Definition of stymie in English:

stymie

verb

[WITH OBJECT]informal
  • Prevent or hinder the progress of.

    ‘the changes must not be allowed to stymie new medical treatments’
    • ‘A spouse who does not respond constructively to a Calderbank offer, whether a good offer as in this case or only one that is bad or indifferent, stymies whatever chance there is of settlement.’
    • ‘An Elizabethan playwright - Shakespeare himself - is stymied by writer's block until he discovers his muse.’
    • ‘Numerous studies have shown that many kinds of cancer cells overproduce this caspase inhibitor, apparently to stymie the cellular-suicide program called apoptosis.’
    • ‘In the Dark Ages, in Europe, while the Inquisition reigned, progress was stymied.’
    • ‘I only left an exam once when I was a law student, and it was at the point when I was genuinely stymied (in Conflict of Laws).’
    • ‘That has delayed construction of levees around the city and stymied an ambitious project to improve drainage in New Orleans' neighborhoods.’
    • ‘Reliance on the official rate also stymies discussion of an expansive full-employment policy that would take into account the uncounted unemployed and the under employed as well.’
    • ‘He is confident the job will be completed by the end of the year, and even sooner had not the horrendous weather of recent months stymied their progress.’
    • ‘Group-think stymies open-mindedness, promotes feelings of superiority, and leads to prejudice and violence against non-members.’
    • ‘While supply problems have not crippled operations, they have stymied some units.’
    • ‘He was strongly supported by local timber and mining workers, whose work was stymied by impassable roads and bridges leading to the timber and mining areas.’
    • ‘And the proposals to add those taxes back in will only stymie growth and make it less possible for us to not only get rid of these deficits, but to make Social Security and Medicare sustainable.’
    • ‘German households can also stymie direct marketers by attaching ‘no advertising’ stickers to their mailboxes.’
    • ‘And this core, this fundamental aggressive attack, stymies self-esteem development and an overall perception of self worth, no matter what.’
    • ‘This attitude stymies the acceptance of people with disability as valued community members and a healthier accommodation of disability in our own minds.’
    • ‘I'm now working out smarter and harder, busting through strength plateaus that had stymied my progress for years.’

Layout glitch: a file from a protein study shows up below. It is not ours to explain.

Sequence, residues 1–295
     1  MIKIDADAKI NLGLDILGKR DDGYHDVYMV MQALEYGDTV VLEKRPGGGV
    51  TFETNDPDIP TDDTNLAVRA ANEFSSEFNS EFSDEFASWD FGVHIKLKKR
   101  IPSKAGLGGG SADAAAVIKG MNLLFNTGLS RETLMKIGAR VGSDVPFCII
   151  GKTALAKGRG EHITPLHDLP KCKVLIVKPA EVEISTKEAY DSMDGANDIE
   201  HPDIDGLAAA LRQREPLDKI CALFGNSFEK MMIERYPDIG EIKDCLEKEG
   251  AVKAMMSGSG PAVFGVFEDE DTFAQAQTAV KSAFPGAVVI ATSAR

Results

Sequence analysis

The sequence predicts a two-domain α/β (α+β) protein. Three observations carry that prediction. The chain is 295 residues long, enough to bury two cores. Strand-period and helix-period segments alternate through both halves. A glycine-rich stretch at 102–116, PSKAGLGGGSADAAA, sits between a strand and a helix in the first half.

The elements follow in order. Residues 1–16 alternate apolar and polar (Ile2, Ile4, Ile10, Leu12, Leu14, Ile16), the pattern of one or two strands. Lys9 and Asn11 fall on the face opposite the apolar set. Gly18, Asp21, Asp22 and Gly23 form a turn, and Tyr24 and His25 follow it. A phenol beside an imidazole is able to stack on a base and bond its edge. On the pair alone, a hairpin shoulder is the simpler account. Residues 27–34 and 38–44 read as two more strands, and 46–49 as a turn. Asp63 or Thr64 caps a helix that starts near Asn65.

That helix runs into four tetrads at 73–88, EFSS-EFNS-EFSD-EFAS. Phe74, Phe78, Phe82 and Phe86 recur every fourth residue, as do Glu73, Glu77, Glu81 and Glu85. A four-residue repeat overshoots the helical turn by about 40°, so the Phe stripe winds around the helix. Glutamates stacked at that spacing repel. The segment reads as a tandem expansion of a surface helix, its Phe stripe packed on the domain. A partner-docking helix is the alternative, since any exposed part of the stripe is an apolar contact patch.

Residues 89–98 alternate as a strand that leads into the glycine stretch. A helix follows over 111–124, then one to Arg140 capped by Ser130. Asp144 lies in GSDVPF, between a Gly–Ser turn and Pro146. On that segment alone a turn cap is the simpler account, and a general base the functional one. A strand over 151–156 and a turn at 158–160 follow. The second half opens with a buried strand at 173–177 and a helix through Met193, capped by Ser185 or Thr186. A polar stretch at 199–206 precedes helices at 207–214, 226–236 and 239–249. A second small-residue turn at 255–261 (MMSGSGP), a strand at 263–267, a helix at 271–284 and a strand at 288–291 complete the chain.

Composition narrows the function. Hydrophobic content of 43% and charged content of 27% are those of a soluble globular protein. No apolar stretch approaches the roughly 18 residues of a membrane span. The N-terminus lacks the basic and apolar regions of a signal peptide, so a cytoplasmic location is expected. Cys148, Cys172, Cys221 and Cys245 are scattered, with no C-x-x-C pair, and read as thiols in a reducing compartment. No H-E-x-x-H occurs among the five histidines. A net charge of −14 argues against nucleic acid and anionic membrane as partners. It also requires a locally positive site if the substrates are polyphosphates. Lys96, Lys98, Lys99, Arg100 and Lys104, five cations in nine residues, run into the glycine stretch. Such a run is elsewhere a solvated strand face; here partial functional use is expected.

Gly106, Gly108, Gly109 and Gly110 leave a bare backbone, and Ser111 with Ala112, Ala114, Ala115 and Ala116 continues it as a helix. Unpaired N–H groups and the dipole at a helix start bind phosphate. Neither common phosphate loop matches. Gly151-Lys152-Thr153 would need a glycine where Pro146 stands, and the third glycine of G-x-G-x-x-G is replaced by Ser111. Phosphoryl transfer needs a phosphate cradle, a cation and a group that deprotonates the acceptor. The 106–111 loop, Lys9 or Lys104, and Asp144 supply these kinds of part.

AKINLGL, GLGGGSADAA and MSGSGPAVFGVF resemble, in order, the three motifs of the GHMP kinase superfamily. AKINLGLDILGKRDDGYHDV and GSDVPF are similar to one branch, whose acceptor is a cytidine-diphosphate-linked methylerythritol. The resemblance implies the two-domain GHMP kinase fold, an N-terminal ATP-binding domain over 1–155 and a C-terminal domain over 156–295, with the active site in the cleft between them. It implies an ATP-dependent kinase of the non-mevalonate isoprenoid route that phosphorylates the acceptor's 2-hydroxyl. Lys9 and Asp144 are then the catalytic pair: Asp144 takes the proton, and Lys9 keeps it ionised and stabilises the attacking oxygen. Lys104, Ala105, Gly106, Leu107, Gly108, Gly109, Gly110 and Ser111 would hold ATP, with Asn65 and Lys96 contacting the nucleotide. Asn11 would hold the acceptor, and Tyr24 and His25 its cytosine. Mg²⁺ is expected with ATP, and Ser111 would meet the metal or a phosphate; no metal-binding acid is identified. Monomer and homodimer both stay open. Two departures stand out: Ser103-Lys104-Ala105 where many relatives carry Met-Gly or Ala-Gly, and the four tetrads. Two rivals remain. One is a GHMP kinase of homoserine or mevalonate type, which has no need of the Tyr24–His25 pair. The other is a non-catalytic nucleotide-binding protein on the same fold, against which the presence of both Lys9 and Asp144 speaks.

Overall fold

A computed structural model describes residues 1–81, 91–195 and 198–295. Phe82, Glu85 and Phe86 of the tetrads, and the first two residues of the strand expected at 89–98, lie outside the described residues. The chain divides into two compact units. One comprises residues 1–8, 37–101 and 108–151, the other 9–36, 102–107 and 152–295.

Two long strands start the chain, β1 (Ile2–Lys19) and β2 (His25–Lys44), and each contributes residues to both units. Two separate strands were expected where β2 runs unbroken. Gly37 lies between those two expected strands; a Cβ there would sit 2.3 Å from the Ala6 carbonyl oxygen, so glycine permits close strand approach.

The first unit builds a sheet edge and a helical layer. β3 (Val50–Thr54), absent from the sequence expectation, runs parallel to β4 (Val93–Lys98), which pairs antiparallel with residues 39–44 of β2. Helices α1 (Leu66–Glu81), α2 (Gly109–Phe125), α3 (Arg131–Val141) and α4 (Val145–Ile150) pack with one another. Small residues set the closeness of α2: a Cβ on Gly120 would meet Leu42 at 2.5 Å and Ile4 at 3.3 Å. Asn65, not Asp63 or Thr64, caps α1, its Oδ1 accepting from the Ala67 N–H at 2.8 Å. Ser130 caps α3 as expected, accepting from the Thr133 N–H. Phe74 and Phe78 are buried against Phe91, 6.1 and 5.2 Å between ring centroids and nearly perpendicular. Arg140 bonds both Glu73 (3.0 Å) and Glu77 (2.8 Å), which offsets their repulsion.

• ‘But by playing politics with this very important issue, they are stymieing the development of many provincial towns.’
    • ‘The lack of services stymies judges because even if they recommend therapy, there is nowhere to get it.’
    • ‘This is a company trying to sell into large corporates and the chief financial officers are putting a stymie on spending.’
    • ‘What stymies the people in poor countries, as a rule, is not a lack of aid.’
    • ‘The system is also stymied by a reporting loophole.’
    • ‘Not that all those yard sales stymied Miller's confidence.’
    • ‘A third said the low prices helped stymie imports from places like India, China and Ukraine.’
    • ‘Decriminalization of cocaine and heroin, for instance, would probably be stymied by this, whatever its merits might be in your own opinion.’
    • ‘The Senate, says Mr Howard's Chief of Staff, needs a shake-up because it's stymieing the Coalition's reform agenda.’
    • ‘Khan said his ‘only regret’ was that his commitment to contribute to the country has been stymied by the allegations.’
    • ‘But Mr Dempsey rejected the judge's claims that the Government had stymied the commission's work or had left the chairperson powerless.’
    impede, interfere with, hamper, hinder, obstruct, inhibit, frustrate, thwart, foil, spoil, stall, shackle, fetter, stop, check, block, cripple, handicap, scotch
    put paid to, put the kibosh on, snooker
    scupper, throw a spanner in the works of
    throw a monkey wrench in the works of
    View synonyms

Origin

Mid 19th century (originally a golfing term, denoting a situation on the green where a ball obstructs the shot of another player): of unknown origin.

Pronunciation:

stymie

/ˈstīmē/